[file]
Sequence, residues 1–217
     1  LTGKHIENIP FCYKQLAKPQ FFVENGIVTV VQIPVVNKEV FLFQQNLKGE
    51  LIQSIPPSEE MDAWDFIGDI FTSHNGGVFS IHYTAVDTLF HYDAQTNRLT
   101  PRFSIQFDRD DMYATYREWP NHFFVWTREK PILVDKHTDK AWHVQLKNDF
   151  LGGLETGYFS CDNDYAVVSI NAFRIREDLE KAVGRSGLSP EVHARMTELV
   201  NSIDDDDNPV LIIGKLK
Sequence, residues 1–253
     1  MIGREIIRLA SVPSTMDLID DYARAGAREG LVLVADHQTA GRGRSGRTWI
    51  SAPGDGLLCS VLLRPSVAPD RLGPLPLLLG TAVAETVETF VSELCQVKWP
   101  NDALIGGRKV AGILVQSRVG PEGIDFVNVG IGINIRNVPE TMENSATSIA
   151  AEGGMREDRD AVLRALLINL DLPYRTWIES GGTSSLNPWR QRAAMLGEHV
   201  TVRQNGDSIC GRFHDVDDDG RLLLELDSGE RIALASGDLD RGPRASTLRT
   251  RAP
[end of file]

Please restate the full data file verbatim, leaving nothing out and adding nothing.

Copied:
Sequence, residues 1–217
     1  LTGKHIENIP FCYKQLAKPQ FFVENGIVTV VQIPVVNKEV FLFQQNLKGE
    51  LIQSIPPSEE MDAWDFIGDI FTSHNGGVFS IHYTAVDTLF HYDAQTNRLT
   101  PRFSIQFDRD DMYATYREWP NHFFVWTREK PILVDKHTDK AWHVQLKNDF
   151  LGGLETGYFS CDNDYAVVSI NAFRIREDLE KAVGRSGLSP EVHARMTELV
   201  NSIDDDDNPV LIIGKLK
Sequence, residues 1–253
     1  MIGREIIRLA SVPSTMDLID DYARAGAREG LVLVADHQTA GRGRSGRTWI
    51  SAPGDGLLCS VLLRPSVAPD RLGPLPLLLG TAVAETVETF VSELCQVKWP
   101  NDALIGGRKV AGILVQSRVG PEGIDFVNVG IGINIRNVPE TMENSATSIA
   151  AEGGMREDRD AVLRALLINL DLPYRTWIES GGTSSLNPWR QRAAMLGEHV
   201  TVRQNGDSIC GRFHDVDDDG RLLLELDSGE RIALASGDLD RGPRASTLRT
   251  RAP